|propanoyl-CoA:carbon-dioxide ligase (ADP-forming)PCCasepropionyl coenzyme A carboxylase|
|PDB structures||RCSB PDB PDBe PDBsum|
|Gene Ontology||AmiGO / QuickGO|
|PDB structures||RCSB PDB PDBe PDBsum|
|Gene Ontology||AmiGO / QuickGO|
Propionyl-CoA carboxylase (PCC) catalyses the carboxylation reaction of propionyl CoA in the mitochondrial matrix. The enzyme is biotin-dependent. The product of the reaction is (S)-methylmalonyl CoA. Propionyl CoA is the end product of metabolism of odd-chain fatty acids, and is also a metabolite of most methyl-branched fatty acids. It is also the main metabolite of valine, and together with acetyl-CoA, is a metabolite of isoleucine, as well as a methionine metabolite. Propionyl-CoA is thus of great importance as a glucose precursor. (S)-Methylmalonyl-CoA is not directly utilizable by animals; it is acted on by a racemase to give (R)-methylmalonyl-CoA. The latter is converted by methylmalonyl-CoA mutase (one of a very few Vitamin B12-dependent enzymes) to give succinyl-CoA. The latter is converted to oxaloacetate and then malate in the Krebs cycle. Export of malate into the cytosol leads to formation of oxaloacetate, phosphoenol pyruvate, and other gluconeogenic intermediates.
- ATP + propionyl-CoA + HCO3− <=> ADP + phosphate + (S)-methylmalonyl-CoA
Propionyl-CoA carboxylase (PCC) is a 750 kDa alpha(6)-beta(6)-dodecamer. (Only approximately 540 kDa is native enzyme. ) The alpha subunits are arranged as monomers, decorating the central beta-6 hexameric core. Said core is oriented as a short cylinder with a hole along its axis.
The alpha subunit of PCC contains the biotin carboxylase (BC) and biotin carboxyl carrier protein (BCCP) domains. A domain known as the BT domain is also located on the alpha subunit and is essential for interactions with the beta subunit. The 8-stranded anti-parallel beta barrel fold of this domain is particularly interesting. The beta subunit contains the carboxyltransferase (CT) activity.
The BC and CT sites are approximately 55 Å apart, indicative of the entire BCCP domain translocating during catalysis of the carboxylation of propionyl-CoA. This provides clear evidence of crucial dimeric interaction between alpha and beta subunits.
The biotin-binding pocket of PCC is hydrophobic and highly conserved. Biotin and propionyl-CoA bind perpendicular to each other in the oxyanion hole-containing active site. The native enzyme to biotin ratio has been determined to be one mole native enzyme to 4 moles biotin. The N1 of biotin is thought to be the active site base.
Site-directed mutagenesis at D422 shows a change in the substrate specificity of the propionyl-CoA binding site, thus indicating this residue's importance in PCC's catalytic activity. In 1979, inhibition by phenylglyoxal determined that a phosphate group from either propionyl-CoA or ATP reacts with an essential arginine residue in the active site during catalysis. Later (2004), it was suggested that Arginine-338 serves to orient the carboxyphosphate intermediate for optimal carboxylation of biotin.
The KM values for ATP, propionyl-CoA, and bicarbonate has been determined to be 0.08 mM, 0.29 mM, and 3.0 mM, respectively. The isoelectric point falls at pH 5.5. PCC's structural integrity is conserved over the temperature range of -50 to 37 degrees Celsius and the pH range of 6.2 to 8.8. Optimum pH was shown to be between 7.2 and 8.8 without biotin bound. With biotin, optimum pH is 8.0-8.5.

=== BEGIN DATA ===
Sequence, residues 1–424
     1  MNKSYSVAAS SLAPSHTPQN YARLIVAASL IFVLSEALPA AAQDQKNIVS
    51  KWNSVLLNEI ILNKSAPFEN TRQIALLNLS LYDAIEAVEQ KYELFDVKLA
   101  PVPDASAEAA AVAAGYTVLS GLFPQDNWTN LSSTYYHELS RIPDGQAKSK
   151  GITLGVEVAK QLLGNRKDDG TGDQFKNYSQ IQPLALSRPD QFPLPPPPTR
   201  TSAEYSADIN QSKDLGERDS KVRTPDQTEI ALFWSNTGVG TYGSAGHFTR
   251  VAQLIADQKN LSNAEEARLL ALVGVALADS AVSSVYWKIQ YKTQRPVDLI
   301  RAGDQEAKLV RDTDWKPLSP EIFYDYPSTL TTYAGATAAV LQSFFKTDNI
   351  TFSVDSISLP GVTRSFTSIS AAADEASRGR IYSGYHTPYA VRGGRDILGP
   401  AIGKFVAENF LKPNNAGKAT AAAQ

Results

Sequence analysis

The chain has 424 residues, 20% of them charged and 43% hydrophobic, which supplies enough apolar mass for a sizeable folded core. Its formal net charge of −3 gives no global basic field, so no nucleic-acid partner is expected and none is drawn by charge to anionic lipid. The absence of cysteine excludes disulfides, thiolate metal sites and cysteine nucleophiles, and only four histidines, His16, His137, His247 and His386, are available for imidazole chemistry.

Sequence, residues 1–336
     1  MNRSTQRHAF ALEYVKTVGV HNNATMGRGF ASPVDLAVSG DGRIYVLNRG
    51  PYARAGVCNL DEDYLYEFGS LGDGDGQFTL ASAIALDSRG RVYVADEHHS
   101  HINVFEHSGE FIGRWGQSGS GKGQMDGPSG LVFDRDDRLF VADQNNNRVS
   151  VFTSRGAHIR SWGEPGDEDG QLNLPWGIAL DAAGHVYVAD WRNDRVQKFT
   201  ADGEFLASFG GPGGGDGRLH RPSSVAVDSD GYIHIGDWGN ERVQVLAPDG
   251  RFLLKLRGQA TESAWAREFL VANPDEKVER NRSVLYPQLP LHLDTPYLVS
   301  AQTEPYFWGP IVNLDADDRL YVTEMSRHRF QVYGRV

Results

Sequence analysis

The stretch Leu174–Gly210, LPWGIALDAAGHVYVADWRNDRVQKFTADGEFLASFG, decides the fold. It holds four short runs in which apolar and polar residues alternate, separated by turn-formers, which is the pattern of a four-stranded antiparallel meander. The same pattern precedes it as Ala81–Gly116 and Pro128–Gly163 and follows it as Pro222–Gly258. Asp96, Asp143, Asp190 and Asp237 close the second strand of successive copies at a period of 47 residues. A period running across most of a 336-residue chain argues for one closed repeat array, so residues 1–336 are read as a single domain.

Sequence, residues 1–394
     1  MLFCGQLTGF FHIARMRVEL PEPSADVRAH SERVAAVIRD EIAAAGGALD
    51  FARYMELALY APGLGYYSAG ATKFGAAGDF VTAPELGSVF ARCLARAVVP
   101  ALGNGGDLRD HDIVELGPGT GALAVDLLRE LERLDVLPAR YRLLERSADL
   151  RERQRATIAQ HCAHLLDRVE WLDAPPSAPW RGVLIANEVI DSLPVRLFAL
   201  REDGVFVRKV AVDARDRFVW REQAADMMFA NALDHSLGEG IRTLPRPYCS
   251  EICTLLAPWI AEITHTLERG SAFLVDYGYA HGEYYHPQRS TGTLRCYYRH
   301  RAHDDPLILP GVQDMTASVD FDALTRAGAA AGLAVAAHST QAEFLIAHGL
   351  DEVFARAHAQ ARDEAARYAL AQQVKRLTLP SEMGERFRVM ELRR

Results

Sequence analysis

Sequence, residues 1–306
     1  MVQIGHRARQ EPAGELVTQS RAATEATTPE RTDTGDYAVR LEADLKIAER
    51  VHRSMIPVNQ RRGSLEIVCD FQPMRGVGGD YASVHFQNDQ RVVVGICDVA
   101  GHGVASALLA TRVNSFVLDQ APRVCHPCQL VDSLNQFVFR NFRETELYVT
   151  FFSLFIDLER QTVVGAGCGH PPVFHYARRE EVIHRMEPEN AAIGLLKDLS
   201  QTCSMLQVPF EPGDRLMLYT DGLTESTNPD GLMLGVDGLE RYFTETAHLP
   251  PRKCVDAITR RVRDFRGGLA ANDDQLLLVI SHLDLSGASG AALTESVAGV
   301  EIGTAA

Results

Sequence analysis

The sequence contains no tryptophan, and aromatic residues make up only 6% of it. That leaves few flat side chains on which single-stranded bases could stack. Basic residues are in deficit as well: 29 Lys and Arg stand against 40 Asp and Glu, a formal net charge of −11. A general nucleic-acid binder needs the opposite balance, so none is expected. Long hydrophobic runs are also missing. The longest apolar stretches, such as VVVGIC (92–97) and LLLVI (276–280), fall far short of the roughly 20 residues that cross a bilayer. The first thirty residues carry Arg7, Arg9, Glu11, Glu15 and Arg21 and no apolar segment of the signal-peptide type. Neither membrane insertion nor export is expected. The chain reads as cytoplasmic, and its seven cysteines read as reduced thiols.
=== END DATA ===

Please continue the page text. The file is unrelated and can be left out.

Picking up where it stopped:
The reaction has been shown to be slightly reversible at low propionyl-CoA flux.
Humans express the following two propionyl-CoA carboxylase isozymes:
PCC activity is the most sensitive indicator of biotin status tested to date. In future pregnancy studies, the use of lymphocyte PCC activity data should prove valuable in assessment of biotin status.
When multiple copies of a polypeptide encoded by a gene form an aggregate, this protein structure is referred to as a multimer. When a multimer is formed from polypeptides produced by two different mutant alleles of a particular gene, the mixed multimer may exhibit greater functional activity than the unmixed multimers formed by each of the mutants alone. In such a case, the phenomenon is referred to as intragenic complementation.
PCC is a heteropolymer composed of α and β subunits in a α6β6 structure. Mutations in PCC, either in the α subunit (PCCα) or β subunit (PCCβ) can cause propionic acidemia in humans. When different mutant skin fibroblast cell lines defective in PCCβ were fused in pairwise combinations, the β heteromultimeric protein formed as a result often exhibited a higher level of activity than would be expected based on the activities of the parental enzymes. This finding of intragenic complementation indicated that the multimeric structure of PCC allows cooperative interactions between the constituent PCCβ monomers that can generate a more functional form of the holoenzyme.
Of Propionyl-CoA Carboxylase
c. Bicarbonate: negative cooperativity
d. Mg2+ and MgATP2−: allosteric activation
By Propionyl-CoA Carboxylase
a. 6-Deoxyerythronolide B: decrease in PCC levels lead to increased production 
- EC 184.108.40.206
- EC 220.127.116.11
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